A GERMAN court has given a life sentence to the gunman who killed two people after attempting to attack a synagogue during the Yom Kippur holy day.
On October 9th, 2019, Stephen Bailliet was stopped from perpetrating the worst anti-Semitic attack in Germany since the Second World War by the bolted door at a synagogue in the eastern city of Halle. When the 28-year-old failed to shoot up the 52 worshippers barricaded inside, he opened fire at a nearby kebab shop killing a man and woman.
“The attack on the synagogue in Halle was one of the most repulsive anti-Semitic attacks since World War II”, prosecutor Kai Lohse told the court in the nearby city of Magdeburg. A lawyer for the victims said that the trial had been “stressful and empowering”, as Bailliet was sentenced to life in prison.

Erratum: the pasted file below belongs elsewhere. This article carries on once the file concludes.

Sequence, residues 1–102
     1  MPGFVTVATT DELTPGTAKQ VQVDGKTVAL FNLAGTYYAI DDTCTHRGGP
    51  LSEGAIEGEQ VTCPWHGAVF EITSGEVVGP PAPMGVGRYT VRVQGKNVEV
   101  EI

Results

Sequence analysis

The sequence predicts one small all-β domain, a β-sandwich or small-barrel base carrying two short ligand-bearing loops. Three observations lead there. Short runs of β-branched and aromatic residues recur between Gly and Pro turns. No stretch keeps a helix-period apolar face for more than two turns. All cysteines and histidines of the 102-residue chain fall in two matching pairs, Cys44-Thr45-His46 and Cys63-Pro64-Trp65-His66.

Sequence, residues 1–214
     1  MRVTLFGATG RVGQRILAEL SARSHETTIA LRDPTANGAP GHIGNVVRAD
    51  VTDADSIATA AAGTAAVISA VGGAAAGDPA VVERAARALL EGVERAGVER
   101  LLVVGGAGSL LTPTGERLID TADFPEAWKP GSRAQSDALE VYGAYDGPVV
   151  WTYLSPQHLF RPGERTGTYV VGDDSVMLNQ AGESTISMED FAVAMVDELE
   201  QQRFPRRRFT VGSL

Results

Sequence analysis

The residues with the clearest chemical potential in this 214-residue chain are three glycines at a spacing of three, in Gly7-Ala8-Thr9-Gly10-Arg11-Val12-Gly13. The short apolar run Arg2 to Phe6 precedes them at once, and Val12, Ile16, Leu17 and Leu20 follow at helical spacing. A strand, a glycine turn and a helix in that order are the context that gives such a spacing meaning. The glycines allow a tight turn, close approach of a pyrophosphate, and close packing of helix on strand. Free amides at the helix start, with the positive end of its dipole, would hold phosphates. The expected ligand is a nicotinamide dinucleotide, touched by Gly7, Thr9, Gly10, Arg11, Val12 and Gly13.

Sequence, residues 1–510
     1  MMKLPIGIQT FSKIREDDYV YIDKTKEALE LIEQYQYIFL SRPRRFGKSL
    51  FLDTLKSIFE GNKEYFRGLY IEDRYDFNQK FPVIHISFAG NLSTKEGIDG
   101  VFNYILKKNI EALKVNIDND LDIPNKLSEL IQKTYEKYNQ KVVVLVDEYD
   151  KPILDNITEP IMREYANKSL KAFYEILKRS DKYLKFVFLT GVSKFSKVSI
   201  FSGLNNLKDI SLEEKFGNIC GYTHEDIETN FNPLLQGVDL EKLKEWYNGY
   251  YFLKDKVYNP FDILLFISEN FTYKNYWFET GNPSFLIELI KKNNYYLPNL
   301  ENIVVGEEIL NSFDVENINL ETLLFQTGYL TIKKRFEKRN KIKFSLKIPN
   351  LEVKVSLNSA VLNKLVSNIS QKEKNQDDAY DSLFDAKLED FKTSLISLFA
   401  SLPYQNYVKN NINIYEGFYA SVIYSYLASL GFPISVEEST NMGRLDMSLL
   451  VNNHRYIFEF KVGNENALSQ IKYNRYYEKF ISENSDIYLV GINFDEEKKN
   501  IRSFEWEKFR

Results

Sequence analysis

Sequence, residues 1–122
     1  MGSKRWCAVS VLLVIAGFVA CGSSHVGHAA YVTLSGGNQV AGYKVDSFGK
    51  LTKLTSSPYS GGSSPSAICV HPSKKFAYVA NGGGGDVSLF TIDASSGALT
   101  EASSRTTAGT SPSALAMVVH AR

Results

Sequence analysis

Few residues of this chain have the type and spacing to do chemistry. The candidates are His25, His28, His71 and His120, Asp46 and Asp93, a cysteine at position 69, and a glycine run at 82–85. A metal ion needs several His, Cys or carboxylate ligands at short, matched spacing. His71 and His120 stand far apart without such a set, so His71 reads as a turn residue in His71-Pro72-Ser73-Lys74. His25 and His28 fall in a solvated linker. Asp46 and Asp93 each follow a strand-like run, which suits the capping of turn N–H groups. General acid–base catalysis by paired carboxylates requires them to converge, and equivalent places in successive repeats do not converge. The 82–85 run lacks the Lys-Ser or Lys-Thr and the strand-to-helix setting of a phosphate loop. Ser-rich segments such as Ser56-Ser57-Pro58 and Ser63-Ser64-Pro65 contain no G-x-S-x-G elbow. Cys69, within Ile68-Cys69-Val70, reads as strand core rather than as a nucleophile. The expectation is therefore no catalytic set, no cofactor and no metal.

Dressed in a military outfit, the gunman live-streamed the attack online after posting a neo-fascist and anti-Semitic manifesto to the internet. He showed no remorse during the five-month trial, telling the court that “attacking the synagogue was not a mistake, they are my enemies”. He also expressed Holocaust denial beliefs in court, which is a crime in Germany.
Israel’s ambassador to Berlin, Jeremy Issacharoff, told AFP that the attack was “a very, very alarming moment in Germany” adding that if Bailliet had gained entry to the synagogue “it would have had a tremendous impact on German identity after the war and the fight against anti-Semitism.”
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